Science that can change the world

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    Behavioural interventions leverage knowledge from basic research to improve important aspects of life, such as healthy eating. Nature Human Behaviour is committed to working with researchers to disseminate the findings from such important intervention studies as broadly as possible.

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    Most people eat multiple times every day, which means that, over the course of a lifetime, each individual makes millions of decisions about what to consume. This has created a global food economy, full of companies that compete for our attention, be it through the placement of their products at the grocery store, advertisements in the subway or commercials on TV. These advertisements are clever, drawing on years of research on the psychology of persuasion and human desires to convince us to choose their brand and their food. However, these same resources can be used to design clever behavioural interventions that protect against such marketing strategies, taking advantage of people’s natural inclinations to change their behaviour for the benefit of the individual.

    Some of the same principles that underlie successful marketing form the basis of successful behavioural interventions. Importantly, introducing even a small change in behaviour can have large, real-world consequences. For example, convincing 0.1% of the American population to purchase another can of soda a week would result in over 17 million additional cans of soda sold. Similarly, reducing the average consumption of calories by 20 kcals per day (which is less than a 1% change from the average consumed today) would reverse the obesity crisis, preventing millions of people from suffering from weight-related diseases such as heart disease, diabetes and cancer.

    But how can we get people to make these changes on a large scale? Part of the answer lies in understanding the psychology of the group whose behaviour needs to be changed. For example, in this issue, Chris Bryan and colleagues leverage two important facts about adolescents to promote healthy eating behaviour in eighth-graders attending school in rural and suburban Texas (https://www.nature.com/articles/s41562-019-0586-6)1. Anybody who remembers their own (or their children’s or grandchildren’s) adolescence can attest to the fact that adolescents generally want to be independent and out from under the yoke of adult control. They also care deeply about social justice. Leveraging these findings from basic psychology, Bryan and colleagues designed an intervention that showed adolescents that food marketing practices were designed by self-interested adults who wanted to make adolescents and other vulnerable populations buy junk food. By emphasizing the social injustice of junk food’s targeting of children and vulnerable populations and the adults behind the marketing, this intervention spurred teens to do what is natural to them: reassert their autonomy by doing the opposite of what the adults want. However, in this case, the opposite was purchasing and eating healthy food rather than junk food. This intervention had the desired effect, especially in boys, who decreased their daily purchases of sugary drinks, chips and cookies by 31% and increased their healthy food profile by 35% (for more information, see this video about the paper: https://www.nature.com/nathumbehav/videos/healthyeating).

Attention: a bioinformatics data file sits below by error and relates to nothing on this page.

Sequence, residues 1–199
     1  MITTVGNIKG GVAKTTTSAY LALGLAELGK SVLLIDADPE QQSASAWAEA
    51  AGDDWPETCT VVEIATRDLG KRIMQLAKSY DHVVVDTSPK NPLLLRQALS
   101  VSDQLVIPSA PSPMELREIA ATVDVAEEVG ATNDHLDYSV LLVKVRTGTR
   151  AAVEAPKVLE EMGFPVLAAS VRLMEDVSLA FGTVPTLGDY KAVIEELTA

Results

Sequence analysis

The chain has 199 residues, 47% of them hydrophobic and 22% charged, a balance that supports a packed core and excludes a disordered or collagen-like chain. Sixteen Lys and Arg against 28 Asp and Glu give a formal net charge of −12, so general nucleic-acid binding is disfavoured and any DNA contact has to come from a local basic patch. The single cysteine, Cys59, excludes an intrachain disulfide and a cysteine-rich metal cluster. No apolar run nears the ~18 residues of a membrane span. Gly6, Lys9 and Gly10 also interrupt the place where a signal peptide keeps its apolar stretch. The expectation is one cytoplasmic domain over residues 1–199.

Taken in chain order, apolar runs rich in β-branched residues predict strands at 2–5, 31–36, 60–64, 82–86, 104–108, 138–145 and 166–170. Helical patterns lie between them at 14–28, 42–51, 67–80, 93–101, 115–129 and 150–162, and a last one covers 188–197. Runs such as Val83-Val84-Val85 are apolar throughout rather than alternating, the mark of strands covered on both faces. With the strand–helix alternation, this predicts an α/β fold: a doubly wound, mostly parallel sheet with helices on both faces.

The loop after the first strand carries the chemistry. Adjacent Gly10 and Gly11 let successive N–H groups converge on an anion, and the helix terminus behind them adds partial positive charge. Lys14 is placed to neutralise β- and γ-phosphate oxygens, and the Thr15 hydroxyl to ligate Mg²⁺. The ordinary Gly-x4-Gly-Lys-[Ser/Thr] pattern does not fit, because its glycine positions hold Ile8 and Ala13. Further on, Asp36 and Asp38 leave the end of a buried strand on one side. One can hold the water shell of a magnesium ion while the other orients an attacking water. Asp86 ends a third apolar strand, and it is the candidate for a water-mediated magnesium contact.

This is an example of using basic knowledge about a population in order to tap into what some may call ‘weaknesses for good’. However, such interventions are only possible when researchers designing the interventions are familiar with the basic science relating to their populations of interest and when scientists doing the basic research understand how their work can best be communicated so that the designers of the interventions utilize it to effect change. Nature Human Behaviour aims to be a forum for this exchange, publishing both basic science and intervention studies that we disseminate not only to researchers in diverse fields working at different levels but also to the general population. A small change cannot have a large impact unless we work together, across levels of science, publishing and policy to be sure that the type of exchanges that led to the success of Bryan and colleagues’ study1 are encouraged, talked about and implemented at a large scale so that behavioural science can be used to change the world for better.

    Change history

    • 26 July 2019

      An amendment to this paper has been published and can be accessed via a link at the top of the paper.

    References

    1. 1.

      Bryan, C. J., Yeager, D. S. & Hinojosa, C. P. A values-alignment intervention protects adolescents from the effects of food marketing. Nat. Hum. Behav. https://www.nature.com/articles/s41562-019-0586-6 (2019).

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